interface Bitmap {
    w: number,
    h: number,
    data: Uint32Array,

const bitmapCache = new Map<string, Promise<Bitmap>>();

async function loadBitmap(name: string): Promise<Bitmap> {
    if (bitmapCache.has(name)) {
        return bitmapCache.get(name)!;
    const p = new Promise<Bitmap>((resolve, reject) => {
        // <img> html element
        const image = new Image();

        // we'll need a canvas to extract the raw pixels from the image
        const canvas = document.createElement("canvas");

        image.onload = () => {
            canvas.width = image.width;
            canvas.height = image.height;

            const ctx = canvas.getContext('2d')!;
            ctx.drawImage(image, 0, 0);

            // raw u32 pixels
            const data = new Uint32Array(ctx.getImageData(0, 0, ctx.canvas.width, ctx.canvas.height,).data.buffer);
                w: image.width,
                h: image.height,
                data: data,
        image.onerror = e => reject(e);
        // triggers the actual loading
        image.src = name;

    bitmapCache.set(name, p);
    return p;

Outrun 3d roads

Credit: background from Panda, tree from the original Outrun game. Use the keyboard arrows!

OutRun made a big splash when it was released by Sega in 1986, and part of that was the 3D rendering. It’s a form of raycasting: starting from the bottom of the screen, find the road segment by projecting the screen position and draw it with the right height and horizontal offset according to the player’s position.

Lou’s pseudo 3d page is a great resource to dive into that, so I won’t repeat it here.

Today’s rabbit hole : Wasm interop optimization

If the performance of Rust code compiled to WASM was a good surprise, the first issue I encountered was the cost of passing arrays from JS. My initial approach to canvas drawing was a function taking the canvas’ ImageData buffer as a &mut [u8] slice. My understanding is that wasm-bindgen copies the data in and out of WASM, which could take several milliseconds for a 640x480 framebuffer.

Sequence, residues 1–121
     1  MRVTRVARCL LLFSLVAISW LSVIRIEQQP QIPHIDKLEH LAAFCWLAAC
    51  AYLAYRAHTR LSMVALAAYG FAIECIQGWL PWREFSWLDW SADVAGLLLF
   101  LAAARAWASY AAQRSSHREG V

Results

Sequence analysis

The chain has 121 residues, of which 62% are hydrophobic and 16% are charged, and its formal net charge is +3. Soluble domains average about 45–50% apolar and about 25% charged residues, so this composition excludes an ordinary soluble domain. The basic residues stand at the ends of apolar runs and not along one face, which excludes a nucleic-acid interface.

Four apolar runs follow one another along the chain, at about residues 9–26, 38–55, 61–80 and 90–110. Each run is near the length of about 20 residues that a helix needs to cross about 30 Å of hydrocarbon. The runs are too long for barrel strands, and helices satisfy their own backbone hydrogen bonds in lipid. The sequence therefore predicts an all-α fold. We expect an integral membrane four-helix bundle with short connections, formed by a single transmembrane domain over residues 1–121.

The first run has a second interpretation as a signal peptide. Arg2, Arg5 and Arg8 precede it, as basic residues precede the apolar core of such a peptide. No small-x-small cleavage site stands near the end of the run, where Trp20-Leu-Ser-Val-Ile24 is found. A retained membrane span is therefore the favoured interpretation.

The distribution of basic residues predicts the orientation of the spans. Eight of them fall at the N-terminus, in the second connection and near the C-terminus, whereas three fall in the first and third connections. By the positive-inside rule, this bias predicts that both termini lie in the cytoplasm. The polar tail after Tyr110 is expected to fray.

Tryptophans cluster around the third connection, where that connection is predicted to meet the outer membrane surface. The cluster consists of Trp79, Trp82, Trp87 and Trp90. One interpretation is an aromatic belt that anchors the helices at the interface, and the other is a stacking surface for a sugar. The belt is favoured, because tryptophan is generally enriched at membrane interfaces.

I considered creating the canvas from rust code, but adding a dependency on web-sys came with tens of kilobytes in the resulting wasm. The current .wasm file, containing all the demos, is a 61kb file.

The best solution I found is to allocate the framebuffer from rust as a Vec, create a wasm-bindgen exposed method returning the offset of the vec in the wasm memory and construct the canvas ImageData from that offset and the wasm memory pointer:

struct Demo {
    w: usize,
    h: usize,
    buffer: Vec<u32>,

impl Demo {
    pub fn new(w: usize, h: usize) -> Self {
        Self {
            buffer: vec![0; w*h],
    // even if ImageData expects a u8 buffer, we can just reinterpret-cast it from the js side
    // ugly, but it works
    pub fn get_ptr(&self) -> *const u32 { self.buffer.as_ptr() }

    pub fn update(&mut self) {
// startup
const demo = new Demo(WIDTH, HEIGHT);
const data = {
    buffer: <ImageData | undefined>undefined
// each frame

// the wasm memory is reallocated/invalidated after an allocation?
// see
if (!data.buffer || === 0) {
    // no allocation as we provide the pre-allocated buffer
    let raw_buffer = new Uint8ClampedArray(
        // the entire sandboxed memory of the wasm app
        // our method to get the framebuffer offset in that memory
        // 4 bytes per pixel
        WIDTH * HEIGHT * 4
    data.buffer = new ImageData(raw_buffer, WIDTH, HEIGHT);
canvasContext.putImageData(data.buffer, 0, 0);


There’s much more to do (benchmark wasm-compiled trigonometry functions, compile rust in no-std mode to reduce even more the binary size, …) but that’s all for now. Maybe I’ll write on my experiment plugging the GNU-Rocket sync tracker in there, and this article is a good prelude to my fascination with fantasy consoles, but I’ll stop here for now! The code is available here: